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Bayesian inference is the re-allocation of credibilities over possibilities [Krutschke 2015]. This means that a bayesian statistician has an “a priori” opinion regarding the probabilities of an event:

p(d)   (1)

By observing new data x, the statistician will adjust his opinions to get the "a posteriori" probabilities.

p(d|x)   (2)

The conditional probability of an event d given x is the share of  the joint probability (d and x) of x.

p(d|x) = p(x,d) / p(x) --> p(d|x) p(x) = p(x, d)   (3)

reverse:

p(x|d) = p(x,d) / p(d) --> p(x|d) p(d) = p(x, d)   (4)

setting (4) in (3):

p(d|x) = p(x|d) p(d) / p(x)   (5)

Which is the Bayes theorem.

p(x) represents the sum of all joint probabilities p(x,dj) for each event j of d. In this regard, d can either be dichotomous [1,0], a set of categories [1, 2, …, n], [computing the probability of category j of d:]

p(dj|x) = p(x|dj) p(d) / j=1 to n∑p(x|dj) p(dj)   (6)

or the denominator can be assumed with infinite categories. This is used to obtain information about all possible states between the categories. For example, if d is dichotomous [0, 1] and the probability of d = 0.2 is desired. In this case, the sum over d gets an integral, which is not solvable.

p(dj|x) = p(x|dj) p(dj) / ∫p(x|d) p(d) dd   (7)

Note that one can approximate the integral for example with conjugate distributions or with Marcov Chain Monte Carlo simulations.

Merely for classification, this case (7) is not necessarily relevant. Except one would like to predict the whole a posteriori distribution.

What if we want to use more than one variable for prediction?

Normally, the joint probability of e.g. d, x, and y is calculated with the chain rule for probabilities:

p(d, x, y) = p(d|x,y)∙p(x|y)∙p(y)   (8)

For simplification, in the case of two or more variables the Naive Bayes Classifier [NBC] assumes conditional independence. Even in the case of a violation of the independence assumption the classifier performs well [see. Domingos, Pazzani, 1997]. Looking at the last two factors of equation (8). Supposed x would be independent from y. In this case is

p(x|y) = p(x)   (9)

because y does not affect x. Inserted in the Bayes theorem equation:

p(x) = p(y, x) / p(y) --> p(x)∙p(y) = p(x, y)   (10)

So, one can proof whether there is conditional independence or not.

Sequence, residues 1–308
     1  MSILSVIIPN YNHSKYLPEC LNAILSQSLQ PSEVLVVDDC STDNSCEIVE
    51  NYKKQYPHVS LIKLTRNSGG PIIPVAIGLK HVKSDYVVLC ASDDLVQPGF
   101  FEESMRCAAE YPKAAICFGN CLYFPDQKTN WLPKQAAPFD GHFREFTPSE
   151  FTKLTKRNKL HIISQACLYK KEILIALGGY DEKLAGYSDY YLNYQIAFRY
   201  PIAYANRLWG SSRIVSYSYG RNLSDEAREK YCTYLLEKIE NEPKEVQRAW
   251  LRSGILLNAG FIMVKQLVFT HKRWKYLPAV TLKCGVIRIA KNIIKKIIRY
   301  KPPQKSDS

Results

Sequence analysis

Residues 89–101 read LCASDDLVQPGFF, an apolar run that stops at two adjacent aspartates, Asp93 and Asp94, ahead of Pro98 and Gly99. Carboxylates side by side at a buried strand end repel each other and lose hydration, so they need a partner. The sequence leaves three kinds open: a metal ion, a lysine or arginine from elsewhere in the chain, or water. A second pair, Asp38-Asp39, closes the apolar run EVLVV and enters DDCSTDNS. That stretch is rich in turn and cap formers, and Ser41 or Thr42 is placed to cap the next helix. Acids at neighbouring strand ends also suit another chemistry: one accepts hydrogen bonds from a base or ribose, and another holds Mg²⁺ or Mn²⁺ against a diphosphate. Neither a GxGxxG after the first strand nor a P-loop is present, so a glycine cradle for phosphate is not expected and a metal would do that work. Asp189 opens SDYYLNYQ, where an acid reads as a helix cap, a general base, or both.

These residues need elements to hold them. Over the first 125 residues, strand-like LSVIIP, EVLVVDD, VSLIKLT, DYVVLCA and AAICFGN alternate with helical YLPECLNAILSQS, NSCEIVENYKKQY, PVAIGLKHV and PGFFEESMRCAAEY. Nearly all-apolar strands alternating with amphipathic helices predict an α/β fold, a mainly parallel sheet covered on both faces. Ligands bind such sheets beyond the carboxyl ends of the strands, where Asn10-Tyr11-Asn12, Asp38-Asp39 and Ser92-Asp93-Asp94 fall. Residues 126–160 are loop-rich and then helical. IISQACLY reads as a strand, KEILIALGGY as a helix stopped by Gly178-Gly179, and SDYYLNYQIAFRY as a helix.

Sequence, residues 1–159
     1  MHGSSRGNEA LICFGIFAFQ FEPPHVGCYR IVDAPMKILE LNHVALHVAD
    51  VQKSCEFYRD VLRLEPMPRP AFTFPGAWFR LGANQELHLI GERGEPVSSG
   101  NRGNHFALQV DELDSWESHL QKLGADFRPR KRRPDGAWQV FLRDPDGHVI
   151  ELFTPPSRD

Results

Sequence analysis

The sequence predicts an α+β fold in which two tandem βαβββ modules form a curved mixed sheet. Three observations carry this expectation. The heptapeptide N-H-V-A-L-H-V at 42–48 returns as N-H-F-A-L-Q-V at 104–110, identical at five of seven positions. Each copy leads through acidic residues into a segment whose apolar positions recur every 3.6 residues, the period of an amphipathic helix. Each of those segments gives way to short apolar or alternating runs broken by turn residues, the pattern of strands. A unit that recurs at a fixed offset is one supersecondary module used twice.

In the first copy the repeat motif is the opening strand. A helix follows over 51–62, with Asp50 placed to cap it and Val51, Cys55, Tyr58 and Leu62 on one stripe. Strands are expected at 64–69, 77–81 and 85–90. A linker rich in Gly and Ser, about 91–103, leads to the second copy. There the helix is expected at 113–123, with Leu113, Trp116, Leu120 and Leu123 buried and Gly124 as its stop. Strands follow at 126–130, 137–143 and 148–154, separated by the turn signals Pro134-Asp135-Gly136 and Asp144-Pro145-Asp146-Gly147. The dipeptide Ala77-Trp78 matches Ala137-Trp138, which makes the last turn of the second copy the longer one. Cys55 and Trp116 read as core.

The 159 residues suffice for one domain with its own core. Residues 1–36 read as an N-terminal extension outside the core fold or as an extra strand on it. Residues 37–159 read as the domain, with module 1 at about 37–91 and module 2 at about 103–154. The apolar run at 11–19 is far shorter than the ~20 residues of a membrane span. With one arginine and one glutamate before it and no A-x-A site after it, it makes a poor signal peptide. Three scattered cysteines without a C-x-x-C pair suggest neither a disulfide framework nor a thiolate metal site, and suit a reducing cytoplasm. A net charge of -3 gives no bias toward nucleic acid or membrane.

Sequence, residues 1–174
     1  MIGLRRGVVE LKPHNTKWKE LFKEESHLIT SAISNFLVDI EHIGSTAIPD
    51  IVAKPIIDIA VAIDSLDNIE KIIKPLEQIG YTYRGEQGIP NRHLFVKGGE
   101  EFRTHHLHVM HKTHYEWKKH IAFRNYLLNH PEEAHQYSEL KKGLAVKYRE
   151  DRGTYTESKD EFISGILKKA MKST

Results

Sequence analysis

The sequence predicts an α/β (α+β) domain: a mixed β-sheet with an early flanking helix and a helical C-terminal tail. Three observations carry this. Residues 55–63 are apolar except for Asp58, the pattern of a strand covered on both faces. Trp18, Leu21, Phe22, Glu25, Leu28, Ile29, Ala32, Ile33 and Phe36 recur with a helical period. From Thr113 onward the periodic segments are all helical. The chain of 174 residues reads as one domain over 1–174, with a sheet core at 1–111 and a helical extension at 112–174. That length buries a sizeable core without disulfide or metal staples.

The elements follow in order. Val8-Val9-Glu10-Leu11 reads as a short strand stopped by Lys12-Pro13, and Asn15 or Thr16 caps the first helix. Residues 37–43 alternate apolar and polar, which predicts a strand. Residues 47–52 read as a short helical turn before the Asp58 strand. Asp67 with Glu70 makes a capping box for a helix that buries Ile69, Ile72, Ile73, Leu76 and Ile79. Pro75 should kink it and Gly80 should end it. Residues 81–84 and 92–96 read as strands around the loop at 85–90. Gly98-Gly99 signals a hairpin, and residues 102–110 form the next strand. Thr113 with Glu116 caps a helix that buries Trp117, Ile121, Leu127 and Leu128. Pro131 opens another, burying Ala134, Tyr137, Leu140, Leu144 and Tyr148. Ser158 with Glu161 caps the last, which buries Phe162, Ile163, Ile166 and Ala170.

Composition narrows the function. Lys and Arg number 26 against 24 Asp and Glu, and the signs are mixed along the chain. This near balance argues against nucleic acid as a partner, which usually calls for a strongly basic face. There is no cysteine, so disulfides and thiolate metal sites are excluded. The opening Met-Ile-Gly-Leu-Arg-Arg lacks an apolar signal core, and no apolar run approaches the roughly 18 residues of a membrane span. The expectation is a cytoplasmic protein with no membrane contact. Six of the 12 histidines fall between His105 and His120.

For the NBC, in case of two variables x and y the conditional independence assumption leads to:

p(d|x,y) = p(x,y|d) p(d) / p(x,y)   (11)

= p(x|d) p(y|d) p(d) / p(x|d) p(y|d) p(d) + p(x|⌐d) p(y|⌐d) p(⌐d)   (12)

Thus, using k variables:

p(dj|x) = p(dj) ∙ i=1 to k∏p(xi|dj) / j=1 to n∑ p(dj) ∙ i=1 to k∏p(xi|dj)   (13)

• A certain class dj given the vector x is the a priori probability p(dj) times
• the likelihood i=1 to k∏p(xi|dj) on the assumption of independent variables divided through
• the evidence j=1 to n∑ p(dj)∙i=1 to k∏p(xi|dj) which is equal to the joint probability p(x1, x2, x3, …, xk).

How to calculate the individual probabilities?

For each dj, the probability p(dj) is just #dj / #observations.

For example, if there are 100 observations with a = 20, b = 30, and c = 50, p(da) is 20%.

In contrast, the likelihoods are conditional. They refer just to the number of observations which are labeled with dj. If x is categorical e.g. [I, II, III] the likelihood p(x = II|da) is #observations where x = II divided through # da. For example xI = 2, xII = 8, xIII = 10, p(x = II|da) is 8/20 = 40%.

Frequently, there are continuous variables in practice. For continuous variables one needs the probability of a realization of x within all observations of x. To determine these probabilities a density function is proposed. To get suitable results it is important to ensure an appropriate approximation. With a soaring number of attributes, it is time consuming to look at all distributions at hand. In the best case the features result directly from a feature engineering which gives a hint, which kind of distribution occurs. For example, a feature is engineered which consists of standard deviations from other features. In such a case, the distribution might be Chi square. One further approach is to assume normal distribution. In this case the standard deviation and the mean must be computed. Another approach is to built categories and measure how often a particular observation falls into a certain category - which works well.

The problem is that a wrong assumption can bias the result. Distributions can take diverse shapes. For example, the observations can be concentrated at different positions (multimodal or leptokurtic). Or, there could be skewness. The specification of a shape in advance can bias the prediction of the a posteriori – if the truth is too far removed from reality.

So, the idea is to determine the shape by a Kernel Density Estimation [KDE] like proposed by John and Langley 1995.

Kernel Density Estimation

A KDE weights a defined density around each observation xr equally first. In this regard, a kernel function K is needed – e.g. a normal, triangular, epanechnikov or uniform distribution. The next step is to sum up all densities to get a density function.

KDE(x) = 1/hm ∙ r=1 to m∑K((x-xr) / h)   (14)